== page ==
Penguins are endangered because of large-scale fishing operations that diminish their food supply, poachers who steal their eggs and kill adults for their oil, and oil spills that pollute their environment and kill thousands of penguins at once. Penguin populations are also threatened by climate change as the sea ice melts, removing their feeding areas and breeding grounds.
Climate change is the biggest threat to penguin survival and the hardest to counter; penguins are protected from harm under the Endangered Species Act of 1973 and are rescued by environmental groups during oil spills, but their diminishing habitat and dwindling food supplies make it difficult for them to reproduce or thrive. Even penguins outside of the Antarctic are threatened by climate change. The African penguin feasts on sardines and anchovies that follow currents off of small islands, but climate change is causing the streams to move further away from the penguins' homes and out of their territories.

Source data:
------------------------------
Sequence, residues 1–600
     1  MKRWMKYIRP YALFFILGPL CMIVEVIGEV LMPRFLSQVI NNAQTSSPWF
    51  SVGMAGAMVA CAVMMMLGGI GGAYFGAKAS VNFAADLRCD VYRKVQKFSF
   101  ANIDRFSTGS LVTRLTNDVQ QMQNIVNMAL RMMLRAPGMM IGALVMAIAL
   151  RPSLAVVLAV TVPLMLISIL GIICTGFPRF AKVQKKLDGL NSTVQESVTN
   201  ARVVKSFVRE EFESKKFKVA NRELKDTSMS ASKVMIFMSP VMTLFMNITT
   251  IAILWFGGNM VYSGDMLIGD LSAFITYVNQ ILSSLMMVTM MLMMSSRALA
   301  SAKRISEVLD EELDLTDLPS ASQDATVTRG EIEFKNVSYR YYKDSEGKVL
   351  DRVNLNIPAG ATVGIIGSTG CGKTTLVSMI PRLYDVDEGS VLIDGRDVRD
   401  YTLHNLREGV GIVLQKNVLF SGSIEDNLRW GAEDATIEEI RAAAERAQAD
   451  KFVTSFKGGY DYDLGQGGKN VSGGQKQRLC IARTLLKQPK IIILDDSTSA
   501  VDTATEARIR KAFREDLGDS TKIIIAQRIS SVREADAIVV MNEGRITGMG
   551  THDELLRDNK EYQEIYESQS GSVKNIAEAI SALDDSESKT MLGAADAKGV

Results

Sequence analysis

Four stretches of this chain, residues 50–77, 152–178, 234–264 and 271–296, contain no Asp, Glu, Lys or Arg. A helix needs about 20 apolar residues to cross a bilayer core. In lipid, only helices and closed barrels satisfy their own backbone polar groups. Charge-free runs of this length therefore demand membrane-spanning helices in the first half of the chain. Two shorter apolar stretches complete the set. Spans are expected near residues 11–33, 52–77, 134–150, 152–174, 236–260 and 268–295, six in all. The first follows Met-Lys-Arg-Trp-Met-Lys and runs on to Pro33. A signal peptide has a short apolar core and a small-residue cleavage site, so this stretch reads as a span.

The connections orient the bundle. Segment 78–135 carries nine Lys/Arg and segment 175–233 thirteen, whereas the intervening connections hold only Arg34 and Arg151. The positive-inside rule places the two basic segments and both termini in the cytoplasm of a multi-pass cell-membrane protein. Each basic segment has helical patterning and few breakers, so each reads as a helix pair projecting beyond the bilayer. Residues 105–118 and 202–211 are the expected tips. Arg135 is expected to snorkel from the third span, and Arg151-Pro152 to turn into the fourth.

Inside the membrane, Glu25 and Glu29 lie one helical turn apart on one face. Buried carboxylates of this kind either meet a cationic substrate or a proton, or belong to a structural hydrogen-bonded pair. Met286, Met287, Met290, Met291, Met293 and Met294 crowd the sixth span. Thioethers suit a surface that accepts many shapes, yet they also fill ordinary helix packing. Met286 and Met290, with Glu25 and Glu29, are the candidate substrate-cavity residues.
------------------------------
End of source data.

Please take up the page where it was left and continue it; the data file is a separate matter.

Penguins are also threatened by commercial fishing expeditions. While some fishermen participate in conservation efforts and nurse any injured animals back to life, penguins still have to compete with humans for food. Penguins also face threats from their natural predators: sharks, killer whales, sea lions and leopard seals.